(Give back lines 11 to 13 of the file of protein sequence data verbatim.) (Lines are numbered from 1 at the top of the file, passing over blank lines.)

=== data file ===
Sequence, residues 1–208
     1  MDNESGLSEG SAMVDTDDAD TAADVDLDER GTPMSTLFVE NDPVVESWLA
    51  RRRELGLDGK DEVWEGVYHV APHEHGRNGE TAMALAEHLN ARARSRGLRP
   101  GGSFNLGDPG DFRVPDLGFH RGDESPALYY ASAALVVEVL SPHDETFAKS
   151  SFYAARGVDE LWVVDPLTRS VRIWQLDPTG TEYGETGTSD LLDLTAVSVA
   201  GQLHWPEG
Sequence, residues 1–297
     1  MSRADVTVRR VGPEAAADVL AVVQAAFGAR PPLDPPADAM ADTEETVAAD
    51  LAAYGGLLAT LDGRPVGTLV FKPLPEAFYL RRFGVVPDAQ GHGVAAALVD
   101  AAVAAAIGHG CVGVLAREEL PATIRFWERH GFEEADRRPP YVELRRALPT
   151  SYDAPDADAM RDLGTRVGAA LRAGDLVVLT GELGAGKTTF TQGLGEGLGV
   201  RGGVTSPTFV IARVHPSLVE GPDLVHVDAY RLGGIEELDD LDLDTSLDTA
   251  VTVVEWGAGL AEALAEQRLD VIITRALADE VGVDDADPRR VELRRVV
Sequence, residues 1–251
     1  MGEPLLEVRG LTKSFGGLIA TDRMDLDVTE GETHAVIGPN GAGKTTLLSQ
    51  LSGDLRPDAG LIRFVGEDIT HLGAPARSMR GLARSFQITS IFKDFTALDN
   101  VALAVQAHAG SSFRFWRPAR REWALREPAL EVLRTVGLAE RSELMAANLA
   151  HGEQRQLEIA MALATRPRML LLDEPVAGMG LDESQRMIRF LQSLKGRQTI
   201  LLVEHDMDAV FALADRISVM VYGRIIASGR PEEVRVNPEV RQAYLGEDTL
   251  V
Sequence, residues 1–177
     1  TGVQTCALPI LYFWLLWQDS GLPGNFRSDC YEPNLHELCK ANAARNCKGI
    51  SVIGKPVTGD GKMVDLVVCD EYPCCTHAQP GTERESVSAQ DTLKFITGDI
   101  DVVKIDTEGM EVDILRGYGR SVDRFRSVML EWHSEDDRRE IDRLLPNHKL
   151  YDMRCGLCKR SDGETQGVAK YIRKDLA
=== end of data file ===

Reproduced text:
   151  SYDAPDADAM RDLGTRVGAA LRAGDLVVLT GELGAGKTTF TQGLGEGLGV
   201  RGGVTSPTFV IARVHPSLVE GPDLVHVDAY RLGGIEELDD LDLDTSLDTA
   251  VTVVEWGAGL AEALAEQRLD VIITRALADE VGVDDADPRR VELRRVV